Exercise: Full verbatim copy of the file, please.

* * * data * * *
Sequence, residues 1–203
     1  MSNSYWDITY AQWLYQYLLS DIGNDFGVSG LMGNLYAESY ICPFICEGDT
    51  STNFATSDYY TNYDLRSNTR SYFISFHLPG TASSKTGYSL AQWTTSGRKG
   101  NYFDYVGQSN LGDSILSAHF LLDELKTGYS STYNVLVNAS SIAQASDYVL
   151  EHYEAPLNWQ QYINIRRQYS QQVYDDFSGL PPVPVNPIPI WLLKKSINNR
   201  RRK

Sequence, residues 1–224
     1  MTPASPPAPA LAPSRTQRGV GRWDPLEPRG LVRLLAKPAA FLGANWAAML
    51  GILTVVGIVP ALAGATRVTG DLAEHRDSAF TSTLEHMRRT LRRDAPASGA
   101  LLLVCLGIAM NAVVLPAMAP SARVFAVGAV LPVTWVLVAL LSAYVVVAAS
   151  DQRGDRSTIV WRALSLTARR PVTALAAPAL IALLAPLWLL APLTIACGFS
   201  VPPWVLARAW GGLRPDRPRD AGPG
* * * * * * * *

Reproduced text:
Sequence, residues 1–203
     1  MSNSYWDITY AQWLYQYLLS DIGNDFGVSG LMGNLYAESY ICPFICEGDT
    51  STNFATSDYY TNYDLRSNTR SYFISFHLPG TASSKTGYSL AQWTTSGRKG
   101  NYFDYVGQSN LGDSILSAHF LLDELKTGYS STYNVLVNAS SIAQASDYVL
   151  EHYEAPLNWQ QYINIRRQYS QQVYDDFSGL PPVPVNPIPI WLLKKSINNR
   201  RRK

Sequence, residues 1–224
     1  MTPASPPAPA LAPSRTQRGV GRWDPLEPRG LVRLLAKPAA FLGANWAAML
    51  GILTVVGIVP ALAGATRVTG DLAEHRDSAF TSTLEHMRRT LRRDAPASGA
   101  LLLVCLGIAM NAVVLPAMAP SARVFAVGAV LPVTWVLVAL LSAYVVVAAS
   151  DQRGDRSTIV WRALSLTARR PVTALAAPAL IALLAPLWLL APLTIACGFS
   201  VPPWVLARAW GGLRPDRPRD AGPG